Cigar smokers vouch for this one. Don’t ask me about the logic behind smoking cigars indoors while sitting next to an air purifier. But this is apparently a thing. YouTube it. In any case the fact that this genre of buyer almost exclusively chooses the RabbieAir MinusA2 might tell us something about its performance at removing smoke odors.
RabbitAir makes a few models. This one — SPA-700A — is rated up to 700 sq. ft. If you need more you can step up to the SPA-780A which will give you more coverage in addition to Wi-Fi.
One unique feature of the RabbitAir is you can mount it on the wall, and includes everything you need to install it that way if you like (if you have outlet integrated into a wall this could make for a nice, cable-free appearance). Like the Alen FIT50 you can opt for one of four filter choices: Germ Defense, Odor Remover, Pet Allergy, and Toxin Absorber.
Another thing I like is power draw. At the lowest speed the MinusA2 700A draws only 7 watts (and emits only 21 db noise) which is a fantastic result. In my tests this is among the lowest energy draws. The BlueAir Pure 411 draws even less, but it can’t match the cleaning power of the RabbitAir nor does it have an active carbon filter.
Aside from wildfire smoke and allergies and pet dander and all the other myriad reasons to buy an air purifier might be the virus known as COVID-19. Based on what I’ve read so far — and there’s not much scientific study yet that I would trust in this regard, and I’m highly skeptical of marketing copy — the answer is unlikely. It’s unlikely that a HEPA air purifier will capture COVID-19. That’s because this virus is primarily transmitted (as far as scientists are telling us now with the information as of today) by contact, person-to-person. In theory if the virus were to enter the filter it would probably be trapped, yes. However, it’s more likely to be found on surfaces and, of course, in respiratory droplets.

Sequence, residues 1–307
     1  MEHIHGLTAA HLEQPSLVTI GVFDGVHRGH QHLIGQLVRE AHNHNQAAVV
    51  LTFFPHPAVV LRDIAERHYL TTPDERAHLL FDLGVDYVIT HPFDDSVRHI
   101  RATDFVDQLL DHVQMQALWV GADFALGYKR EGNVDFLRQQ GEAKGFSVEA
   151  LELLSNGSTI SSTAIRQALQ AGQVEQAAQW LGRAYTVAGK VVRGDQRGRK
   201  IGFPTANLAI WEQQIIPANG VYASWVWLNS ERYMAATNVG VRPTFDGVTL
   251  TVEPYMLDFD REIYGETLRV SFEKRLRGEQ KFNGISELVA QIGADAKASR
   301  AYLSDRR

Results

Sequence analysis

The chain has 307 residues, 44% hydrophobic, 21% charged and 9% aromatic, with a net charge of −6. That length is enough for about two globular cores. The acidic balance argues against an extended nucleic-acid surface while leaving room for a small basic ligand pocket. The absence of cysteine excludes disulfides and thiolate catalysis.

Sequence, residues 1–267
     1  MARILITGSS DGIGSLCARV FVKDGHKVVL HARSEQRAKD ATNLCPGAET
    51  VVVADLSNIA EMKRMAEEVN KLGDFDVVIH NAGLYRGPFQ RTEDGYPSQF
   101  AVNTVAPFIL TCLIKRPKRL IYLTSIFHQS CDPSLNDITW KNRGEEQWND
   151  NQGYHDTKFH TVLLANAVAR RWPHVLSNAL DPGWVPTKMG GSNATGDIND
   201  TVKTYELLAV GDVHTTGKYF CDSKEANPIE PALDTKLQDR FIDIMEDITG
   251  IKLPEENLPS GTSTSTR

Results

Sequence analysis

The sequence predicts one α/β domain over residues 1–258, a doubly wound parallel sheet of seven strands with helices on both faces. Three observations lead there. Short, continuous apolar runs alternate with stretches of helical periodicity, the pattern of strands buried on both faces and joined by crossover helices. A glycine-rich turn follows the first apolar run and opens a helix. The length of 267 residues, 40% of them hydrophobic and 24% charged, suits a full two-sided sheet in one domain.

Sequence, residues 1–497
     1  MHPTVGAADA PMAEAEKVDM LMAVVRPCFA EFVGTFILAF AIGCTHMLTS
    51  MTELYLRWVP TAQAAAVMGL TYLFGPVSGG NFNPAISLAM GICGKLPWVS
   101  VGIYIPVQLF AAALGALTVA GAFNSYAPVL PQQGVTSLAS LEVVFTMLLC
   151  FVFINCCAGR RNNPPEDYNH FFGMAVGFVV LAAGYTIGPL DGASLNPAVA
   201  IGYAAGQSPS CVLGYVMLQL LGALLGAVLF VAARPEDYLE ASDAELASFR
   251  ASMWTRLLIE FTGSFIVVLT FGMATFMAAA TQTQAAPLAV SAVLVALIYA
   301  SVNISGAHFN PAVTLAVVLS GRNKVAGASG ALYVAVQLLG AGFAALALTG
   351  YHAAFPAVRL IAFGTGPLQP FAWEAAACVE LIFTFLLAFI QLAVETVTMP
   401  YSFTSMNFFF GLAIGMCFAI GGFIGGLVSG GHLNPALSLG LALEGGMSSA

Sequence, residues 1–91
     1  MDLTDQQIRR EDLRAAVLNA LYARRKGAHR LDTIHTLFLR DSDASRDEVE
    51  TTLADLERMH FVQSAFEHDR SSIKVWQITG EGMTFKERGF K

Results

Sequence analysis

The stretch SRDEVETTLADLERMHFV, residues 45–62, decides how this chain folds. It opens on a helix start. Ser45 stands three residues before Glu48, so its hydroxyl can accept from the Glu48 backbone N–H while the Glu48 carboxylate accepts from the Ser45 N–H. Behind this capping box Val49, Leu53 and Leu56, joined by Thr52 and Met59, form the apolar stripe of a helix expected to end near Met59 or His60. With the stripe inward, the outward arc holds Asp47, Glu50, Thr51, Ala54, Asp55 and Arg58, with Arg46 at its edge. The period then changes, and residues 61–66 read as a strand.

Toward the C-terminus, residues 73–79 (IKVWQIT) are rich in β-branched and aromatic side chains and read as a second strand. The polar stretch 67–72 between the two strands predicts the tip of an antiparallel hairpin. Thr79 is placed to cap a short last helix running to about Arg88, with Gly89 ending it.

The EPA says, “By themselves, portable air cleaners and HVAC filters are not enough to protect people from the virus that causes COVID-19.”
The best advice I can give on the topic of COVID-19 and air purifiers would be to leave it to the professionals and scientists. In this case for those interested to read more about the topic I recommend starting with the Environmental Protection Agency.
5. Blueair Classic 280i
Best for: Buyers who eschew plastic and prefer industrial steel build.
Special features: Wi-Fi. Blueair friend app.
Why I like it: Workhorse that is extremely well reviewed. AHAM certification.
Price: $429 USD (see Amazon for the various Blueair models)
Replacement filter: $49.99 USD (DualProtection is the one you want, available on Amazon)
Blueair remains one of my favorites. We have a small Pure 411 (cute little thing that hardly takes up any space) in a small bedroom we converted into a gym during shelter-in-place and love it. Made in Sweden these are well regarded and well made. The 280i is rated at 279 sq. ft. so this is best suited for a smaller space, maybe a kitchen or baby’s room.
In addition to a smart sensor that automatically adjusts fan speed accordingly, extras include Wi-Fi and an app that enables all sorts of options and controls via your phone. Also the 280i is AHAM, Energy Star and safe ozone certified.
Note that the 280i is made from a steel body. Blueair claims it’s “durable” and indeed this feels on the commercial grade side of things. No question, build quality is top notch.
Clean Air for Your Entire Home:
When shopping for air purifiers there’s a lot of specs that can overwhelm when trying to make an informed decision. Here’s two in particular to pay attention to.